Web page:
Re: Ch. 5: Beyond WEIRD Morality
Yes, I have noticed a critical process in your posts as well as others, from the beginning of this series. The apparent original choice to reference a critical review helps with that. The book is so much of a landmark that going over it again should indicate an interest in re-thinking the insights and presentation, and I have been glad to have the observations that others bring. I agree that harm and fairness have advantages in terms of innate perceptions that this is what moral judgment "means", so that the WEIRD analysis of what is "really going on" with moral perception tends to reinforce our most basic sense of how morality works.
Yes, I think that is really insightful. Relativistic cautions can be helpful for broadening the scope of our ability to communicate across cultural boundaries, which I think is becoming a more obvious problem with global warming and concern over immigration becoming salient issues of divisiveness.
I wouldn't use "brainwash" myself, since FGM and other processes using amoral means for supposedly moral ends are inevitably combining many strands of social moralism and children (or adolescents) pull together a picture of how those strands fit together, rather than mindlessly adopting whatever society tells them must be true.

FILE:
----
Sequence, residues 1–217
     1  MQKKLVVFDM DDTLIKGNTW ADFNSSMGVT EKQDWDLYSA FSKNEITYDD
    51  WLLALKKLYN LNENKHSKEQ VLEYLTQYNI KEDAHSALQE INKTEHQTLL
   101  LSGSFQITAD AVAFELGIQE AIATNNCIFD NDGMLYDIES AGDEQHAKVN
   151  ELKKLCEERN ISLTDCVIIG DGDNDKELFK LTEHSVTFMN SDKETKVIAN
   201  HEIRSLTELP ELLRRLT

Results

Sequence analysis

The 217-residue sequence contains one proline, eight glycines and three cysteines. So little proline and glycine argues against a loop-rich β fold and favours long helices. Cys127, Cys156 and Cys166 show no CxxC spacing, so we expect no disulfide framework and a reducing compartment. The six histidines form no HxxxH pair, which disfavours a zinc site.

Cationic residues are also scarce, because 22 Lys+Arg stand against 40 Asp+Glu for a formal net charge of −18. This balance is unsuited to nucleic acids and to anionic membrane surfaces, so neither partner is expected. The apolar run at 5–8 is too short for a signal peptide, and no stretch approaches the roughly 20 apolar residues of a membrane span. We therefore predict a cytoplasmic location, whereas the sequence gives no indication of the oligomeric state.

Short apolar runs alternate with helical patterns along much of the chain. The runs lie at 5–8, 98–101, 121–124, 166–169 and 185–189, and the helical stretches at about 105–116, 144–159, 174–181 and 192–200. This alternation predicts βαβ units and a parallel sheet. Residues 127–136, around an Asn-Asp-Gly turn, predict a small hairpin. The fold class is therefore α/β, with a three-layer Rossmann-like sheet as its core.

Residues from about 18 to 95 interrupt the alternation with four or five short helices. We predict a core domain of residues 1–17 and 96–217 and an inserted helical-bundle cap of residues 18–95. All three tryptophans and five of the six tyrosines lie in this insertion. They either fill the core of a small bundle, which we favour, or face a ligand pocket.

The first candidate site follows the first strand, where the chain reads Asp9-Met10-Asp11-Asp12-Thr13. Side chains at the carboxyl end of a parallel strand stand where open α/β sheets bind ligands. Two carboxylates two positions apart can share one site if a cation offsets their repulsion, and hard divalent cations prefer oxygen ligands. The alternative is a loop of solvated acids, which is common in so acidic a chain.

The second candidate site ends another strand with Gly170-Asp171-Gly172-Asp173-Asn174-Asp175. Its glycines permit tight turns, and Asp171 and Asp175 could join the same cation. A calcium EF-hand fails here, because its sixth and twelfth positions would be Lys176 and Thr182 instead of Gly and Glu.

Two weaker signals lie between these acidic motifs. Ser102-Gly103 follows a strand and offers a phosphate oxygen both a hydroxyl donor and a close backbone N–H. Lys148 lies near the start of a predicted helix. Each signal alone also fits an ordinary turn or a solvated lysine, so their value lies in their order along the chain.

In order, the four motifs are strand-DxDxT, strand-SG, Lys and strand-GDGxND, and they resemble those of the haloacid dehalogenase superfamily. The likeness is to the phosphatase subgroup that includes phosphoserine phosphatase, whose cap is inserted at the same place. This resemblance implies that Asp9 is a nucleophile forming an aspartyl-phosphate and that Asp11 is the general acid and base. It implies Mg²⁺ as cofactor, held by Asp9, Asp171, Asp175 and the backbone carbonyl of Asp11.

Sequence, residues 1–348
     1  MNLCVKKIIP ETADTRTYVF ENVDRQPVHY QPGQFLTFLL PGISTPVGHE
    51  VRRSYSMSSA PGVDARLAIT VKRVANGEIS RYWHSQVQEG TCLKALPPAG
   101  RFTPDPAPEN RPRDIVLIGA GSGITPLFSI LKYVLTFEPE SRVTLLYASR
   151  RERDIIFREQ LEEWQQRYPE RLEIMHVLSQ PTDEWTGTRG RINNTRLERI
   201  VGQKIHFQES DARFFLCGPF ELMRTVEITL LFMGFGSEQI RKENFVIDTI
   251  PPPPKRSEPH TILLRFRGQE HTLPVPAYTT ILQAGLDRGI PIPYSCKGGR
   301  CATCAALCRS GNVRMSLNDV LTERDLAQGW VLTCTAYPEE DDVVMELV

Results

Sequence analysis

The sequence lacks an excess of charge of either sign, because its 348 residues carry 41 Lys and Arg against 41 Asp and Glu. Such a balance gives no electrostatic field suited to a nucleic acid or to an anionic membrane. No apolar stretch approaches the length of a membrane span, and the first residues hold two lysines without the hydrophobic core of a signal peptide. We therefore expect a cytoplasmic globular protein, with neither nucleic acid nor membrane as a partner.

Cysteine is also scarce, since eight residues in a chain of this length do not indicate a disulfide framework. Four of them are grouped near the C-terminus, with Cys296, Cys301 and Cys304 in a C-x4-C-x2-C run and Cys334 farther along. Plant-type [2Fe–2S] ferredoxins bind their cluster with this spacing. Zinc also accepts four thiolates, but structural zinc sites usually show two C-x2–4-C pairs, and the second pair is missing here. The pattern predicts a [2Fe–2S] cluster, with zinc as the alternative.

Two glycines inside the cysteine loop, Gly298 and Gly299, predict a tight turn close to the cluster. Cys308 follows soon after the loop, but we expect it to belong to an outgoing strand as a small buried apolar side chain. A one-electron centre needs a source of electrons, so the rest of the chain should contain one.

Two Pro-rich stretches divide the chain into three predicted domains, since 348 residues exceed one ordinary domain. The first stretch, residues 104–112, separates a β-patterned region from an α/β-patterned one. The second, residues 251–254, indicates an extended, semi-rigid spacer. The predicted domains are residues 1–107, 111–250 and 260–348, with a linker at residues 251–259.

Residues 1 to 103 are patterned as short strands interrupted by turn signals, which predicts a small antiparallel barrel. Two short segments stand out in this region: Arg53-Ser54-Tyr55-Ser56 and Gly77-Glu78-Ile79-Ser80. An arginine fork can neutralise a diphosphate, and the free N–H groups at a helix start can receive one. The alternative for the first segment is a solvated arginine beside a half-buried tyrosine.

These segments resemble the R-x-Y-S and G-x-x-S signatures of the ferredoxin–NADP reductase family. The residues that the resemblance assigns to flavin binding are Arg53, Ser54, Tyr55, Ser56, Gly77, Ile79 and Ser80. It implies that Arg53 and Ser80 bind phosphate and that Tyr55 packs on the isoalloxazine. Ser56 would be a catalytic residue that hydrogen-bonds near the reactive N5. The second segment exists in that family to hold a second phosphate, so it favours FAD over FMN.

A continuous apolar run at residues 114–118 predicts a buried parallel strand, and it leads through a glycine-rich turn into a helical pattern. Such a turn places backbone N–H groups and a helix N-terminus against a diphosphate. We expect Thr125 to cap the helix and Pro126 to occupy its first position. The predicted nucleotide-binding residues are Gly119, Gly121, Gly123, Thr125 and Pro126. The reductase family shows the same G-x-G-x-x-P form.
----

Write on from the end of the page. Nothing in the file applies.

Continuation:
I will give this some thought. I took it that he was downplaying the role of moral reflection because he wants to highlight the value of his "raw data" approach, which *is* useful in my opinion. But there may be more to it, and a subtler agenda, at work.
It's a devilishly complex topic, which has vexed every culture since culture manifested itself in writing, and probably before that as well. But putting Kant's inflexible analysis into a category of social impairment is certainly a drastic step that needs much more thought than Haidt is inclined to bring to such philosophical questions. In Christianity we have a framework for this question, the parable of the Pharisee and the Publican, which is almost koan-like in its raising a question without being able to state a clear answer. Do we endorse Righteousness (which, in the original Hebrew I am told was the same word as Justice) or Penitent Self-Criticism? Which raises the question whether Haidt is dismissing the question with an appeal to pragmatic acceptance of people's self-duplicity. To a Christian this is putting the cart of forgiveness ahead of the horse of remorse.
Yes, this is the key to why we should read the book and how we should integrate it with other considerations, in my view. I think you have said it well.